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Working Overseas

edited February 2012 in General Charlton
Sick of working in England and looking to move overseas.

No idea where yet but thinking the usual places - US, Canada, Australia, NZ.

Has anyone else done something similar to this or know of the best way to arrange this?
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    edited February 2012
    Sick of working in England and looking to move overseas.

    No idea where yet but thinking the usual places - US, Canada, Australia, NZ.

    Has anyone else done something similar to this or know of the best way to arrange this?
    You can work anywhere in the EU, all you need is a job and you can move tomorrow. Speaking the language of the place you are moving to might help, although I lived in Germany for a few years I didn't start learning German until after I moved there so it isn't always a hindrance if your linguistic skills are somewhat limited.
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    MIGHT help.......understatement of the year.

    In answer, James, to your question, any advice would depend on your reasons and expectations. It also depends on your age, marital status, children, health etc
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    And what kind of employment you are looking for/what experience and qualifications you have
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    All the countries you mentioned have strict visa restrictions.
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    All the countries you mentioned have strict visa restrictions.
    Except that all British citizens have the right to a one-year work permit in Australia, and if you find an employer that likes you it can easily be extended.
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    I am currently working on The Isle of Sheppey.

    Over-rated and all the locals appear to have six fingers.
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    I worked in australia 2 years ago, but that was backpacker style. If you go out on a basic working visa you have to do 90 days fruit picking, or construction in the north to qualify for a second year.
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    I worked in australia 2 years ago, but that was backpacker style. If you go out on a basic working visa you have to do 90 days fruit picking, or construction in the north to qualify for a second year.
    ha ha, love it. That sounds like a change. What qualifies as 'the north' though? The Northern Territory only, or are parts of WA and Queensland included?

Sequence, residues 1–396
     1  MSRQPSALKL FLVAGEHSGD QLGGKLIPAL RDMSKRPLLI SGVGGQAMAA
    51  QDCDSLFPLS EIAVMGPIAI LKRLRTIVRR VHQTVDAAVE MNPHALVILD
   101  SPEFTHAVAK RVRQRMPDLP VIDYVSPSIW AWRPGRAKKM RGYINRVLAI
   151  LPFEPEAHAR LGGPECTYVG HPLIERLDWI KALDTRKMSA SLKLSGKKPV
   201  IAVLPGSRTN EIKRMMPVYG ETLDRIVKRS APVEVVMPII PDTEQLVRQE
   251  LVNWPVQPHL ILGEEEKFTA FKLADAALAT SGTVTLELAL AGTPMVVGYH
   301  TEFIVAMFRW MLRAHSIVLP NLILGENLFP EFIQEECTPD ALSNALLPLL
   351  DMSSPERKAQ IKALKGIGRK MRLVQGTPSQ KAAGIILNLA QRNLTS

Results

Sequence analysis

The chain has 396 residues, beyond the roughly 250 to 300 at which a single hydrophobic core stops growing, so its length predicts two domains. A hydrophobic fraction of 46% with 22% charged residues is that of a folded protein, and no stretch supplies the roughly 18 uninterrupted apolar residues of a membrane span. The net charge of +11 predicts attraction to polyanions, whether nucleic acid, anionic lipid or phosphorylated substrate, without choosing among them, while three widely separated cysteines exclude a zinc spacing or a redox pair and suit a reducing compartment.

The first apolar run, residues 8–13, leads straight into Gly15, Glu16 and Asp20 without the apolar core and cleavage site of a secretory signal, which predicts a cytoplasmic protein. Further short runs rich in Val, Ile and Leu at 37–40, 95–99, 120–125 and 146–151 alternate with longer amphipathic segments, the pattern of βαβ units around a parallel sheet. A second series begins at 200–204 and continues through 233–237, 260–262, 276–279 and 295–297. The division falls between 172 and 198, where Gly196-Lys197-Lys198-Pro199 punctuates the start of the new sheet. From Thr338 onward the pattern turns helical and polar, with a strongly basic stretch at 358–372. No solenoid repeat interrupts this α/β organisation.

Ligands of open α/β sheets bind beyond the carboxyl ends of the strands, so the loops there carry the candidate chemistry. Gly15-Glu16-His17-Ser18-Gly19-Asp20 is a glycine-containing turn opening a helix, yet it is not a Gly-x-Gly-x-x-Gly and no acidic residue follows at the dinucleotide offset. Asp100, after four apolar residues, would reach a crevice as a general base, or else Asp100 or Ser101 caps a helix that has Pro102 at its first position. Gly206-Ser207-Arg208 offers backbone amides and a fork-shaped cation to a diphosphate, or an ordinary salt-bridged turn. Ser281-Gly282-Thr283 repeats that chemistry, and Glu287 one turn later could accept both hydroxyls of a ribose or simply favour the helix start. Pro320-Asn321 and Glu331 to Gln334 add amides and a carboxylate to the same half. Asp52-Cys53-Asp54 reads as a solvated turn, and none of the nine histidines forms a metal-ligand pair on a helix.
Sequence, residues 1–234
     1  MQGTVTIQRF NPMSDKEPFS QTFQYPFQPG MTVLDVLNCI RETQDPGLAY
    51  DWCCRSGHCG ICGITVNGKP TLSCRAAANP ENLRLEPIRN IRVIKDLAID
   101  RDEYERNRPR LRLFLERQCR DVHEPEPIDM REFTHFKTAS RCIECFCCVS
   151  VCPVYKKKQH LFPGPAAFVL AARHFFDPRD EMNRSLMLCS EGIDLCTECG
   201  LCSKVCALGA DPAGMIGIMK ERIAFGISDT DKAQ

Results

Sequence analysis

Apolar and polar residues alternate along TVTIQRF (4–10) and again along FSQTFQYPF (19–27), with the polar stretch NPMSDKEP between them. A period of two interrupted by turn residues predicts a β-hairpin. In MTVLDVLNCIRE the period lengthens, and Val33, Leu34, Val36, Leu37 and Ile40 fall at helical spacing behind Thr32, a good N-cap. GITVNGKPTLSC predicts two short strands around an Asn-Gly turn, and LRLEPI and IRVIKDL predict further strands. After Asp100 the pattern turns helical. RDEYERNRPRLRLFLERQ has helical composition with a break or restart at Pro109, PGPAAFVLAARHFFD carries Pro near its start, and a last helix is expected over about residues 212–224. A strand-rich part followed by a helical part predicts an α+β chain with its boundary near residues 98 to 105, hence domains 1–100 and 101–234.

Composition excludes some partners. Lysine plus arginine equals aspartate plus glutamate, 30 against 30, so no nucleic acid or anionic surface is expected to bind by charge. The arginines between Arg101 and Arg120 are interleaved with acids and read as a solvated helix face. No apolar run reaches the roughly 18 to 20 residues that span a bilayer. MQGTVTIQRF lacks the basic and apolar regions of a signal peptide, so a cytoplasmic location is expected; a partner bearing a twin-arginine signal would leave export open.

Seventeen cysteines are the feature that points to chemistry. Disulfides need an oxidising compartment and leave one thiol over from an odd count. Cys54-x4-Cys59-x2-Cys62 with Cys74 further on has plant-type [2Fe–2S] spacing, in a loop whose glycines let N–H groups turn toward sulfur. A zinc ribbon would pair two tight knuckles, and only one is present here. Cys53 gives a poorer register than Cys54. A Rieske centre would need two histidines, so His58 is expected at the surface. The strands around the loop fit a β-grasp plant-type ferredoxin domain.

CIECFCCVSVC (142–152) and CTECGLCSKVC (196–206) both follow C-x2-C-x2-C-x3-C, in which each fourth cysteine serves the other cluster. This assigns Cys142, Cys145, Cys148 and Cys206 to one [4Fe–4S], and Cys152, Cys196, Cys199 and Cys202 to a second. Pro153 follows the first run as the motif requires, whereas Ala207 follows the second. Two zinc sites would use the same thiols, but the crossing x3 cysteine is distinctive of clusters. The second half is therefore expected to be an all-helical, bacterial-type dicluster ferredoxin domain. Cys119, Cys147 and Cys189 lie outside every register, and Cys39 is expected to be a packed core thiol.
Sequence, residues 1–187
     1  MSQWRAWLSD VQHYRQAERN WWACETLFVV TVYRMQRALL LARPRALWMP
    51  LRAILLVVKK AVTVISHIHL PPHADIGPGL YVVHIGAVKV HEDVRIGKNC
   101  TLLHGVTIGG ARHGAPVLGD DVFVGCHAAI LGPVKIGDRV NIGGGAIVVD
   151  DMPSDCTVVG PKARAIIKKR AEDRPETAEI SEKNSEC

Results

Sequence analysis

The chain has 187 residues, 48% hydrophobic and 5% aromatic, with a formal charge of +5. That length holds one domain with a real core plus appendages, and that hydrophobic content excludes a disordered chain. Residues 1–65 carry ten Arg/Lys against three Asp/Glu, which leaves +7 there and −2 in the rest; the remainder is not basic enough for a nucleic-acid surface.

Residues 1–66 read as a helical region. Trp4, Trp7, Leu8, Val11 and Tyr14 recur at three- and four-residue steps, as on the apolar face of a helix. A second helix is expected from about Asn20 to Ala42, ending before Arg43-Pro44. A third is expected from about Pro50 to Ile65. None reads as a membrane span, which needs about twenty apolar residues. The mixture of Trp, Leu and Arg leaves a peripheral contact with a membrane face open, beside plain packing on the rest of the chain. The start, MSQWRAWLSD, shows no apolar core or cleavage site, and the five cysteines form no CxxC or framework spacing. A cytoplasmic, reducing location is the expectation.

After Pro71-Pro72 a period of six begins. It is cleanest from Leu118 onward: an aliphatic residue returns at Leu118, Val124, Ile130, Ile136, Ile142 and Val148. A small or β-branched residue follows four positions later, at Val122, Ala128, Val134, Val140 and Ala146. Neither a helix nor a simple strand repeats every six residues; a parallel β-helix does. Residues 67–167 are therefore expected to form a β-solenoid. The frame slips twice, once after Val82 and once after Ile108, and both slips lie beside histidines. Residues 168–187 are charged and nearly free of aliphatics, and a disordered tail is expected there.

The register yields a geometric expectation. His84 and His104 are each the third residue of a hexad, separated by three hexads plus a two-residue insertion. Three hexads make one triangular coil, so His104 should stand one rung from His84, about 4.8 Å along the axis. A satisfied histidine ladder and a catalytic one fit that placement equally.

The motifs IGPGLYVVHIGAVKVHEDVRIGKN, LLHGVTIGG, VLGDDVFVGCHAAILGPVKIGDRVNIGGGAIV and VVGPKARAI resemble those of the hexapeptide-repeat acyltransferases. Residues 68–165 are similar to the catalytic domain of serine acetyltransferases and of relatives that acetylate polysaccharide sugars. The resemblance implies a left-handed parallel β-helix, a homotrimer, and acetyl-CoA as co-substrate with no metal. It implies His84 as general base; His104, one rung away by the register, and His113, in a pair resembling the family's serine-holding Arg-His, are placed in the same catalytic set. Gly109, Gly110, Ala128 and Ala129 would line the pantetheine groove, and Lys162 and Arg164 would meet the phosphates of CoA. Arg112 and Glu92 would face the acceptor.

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    And you have to be under 30 years and 11 months to qualify for the 'working holiday visa' in oz and nz, right?

    I assume that that is what the above posts are referring to
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    Yes, but it doesn't include New Zealand (unless that's changed too).
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    I worked in australia 2 years ago, but that was backpacker style. If you go out on a basic working visa you have to do 90 days fruit picking, or construction in the north to qualify for a second year.
    ha ha, love it. That sounds like a change. What qualifies as 'the north' though? The Northern Territory only, or are parts of WA and Queensland included?
    Yer I think northern territory, but I only picked fruit in a place called berri in the south as it was a lot cooler. I also did a lot of hole digging nr sydney and some other construction work, but the heat can get rediculous. Monet conversion at the time ment I never earned under £10 ph and the fruit can be silly money ifu are good.

    its correct u have to be under 30 for that visa

    id say it was the best year of my life and hopefully il be going back next december

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    James - me too absolutely, live in a 3 bed house near stansted airport, 3 kids so need a 4 bed house, but everything in the UK is just going up (petrol, utlities etc etc) and my wages are simply not catching up.
    I work for an investment bank in Canary Wharf, so travel horrible, and have applied to work in our office in Tampa, Florida. Basically I should be getting my wages exchanged in dollars (rate 1.60 dollars for £1), and our friends on facebook out there already state that the cost of living is far cheaper - petrol about 40p a litre, houses ( 4 bed from £83,000 in a nice community!!). A great lifestyle, usual temps in winter 18-24 C - beautiful! Lots for families...if you have one. Luckily my work will arrange and pay for the Visa. Can't wait to get out there!
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    edited February 2012
    I assume you are looking to work legally.

    Increasingly these days it is about your skill sets. Work in US is tied your Visa status, not only for yourself but any other family member. Speak to an US Immigration Lawyer (the British Embassy will have a list of attorneys). Be careful about which state because many states have "Employment at Will" law which effectively means the Employer can sack you on the spot without cause. A lot of US corporations can be absolutely brutal.

    Use your own Immigration Lawyers some US employers offer the use of their Immigration Lawyers but that introduces a conflict of interest (its illegal but try getting that through the US justice system). I found the US is a great place to be if you are in work and have health insurance. It is not if you end up losing the job and the health insurance.

    Canada did offer an online site for people to clarify their skills and see whether there was a skills shortage match - a friend of mine who was living and working France as a plumber/ heating engineer recently moved he loves it there.

    As far as Australia and NZ is concerned I am led to believe expats are beginning to struggle to find work but again it depends on your skill sets. Also be aware whatever industry or academic qualifications you may have may not be recognized in the new country - i.e. you may have to requalify.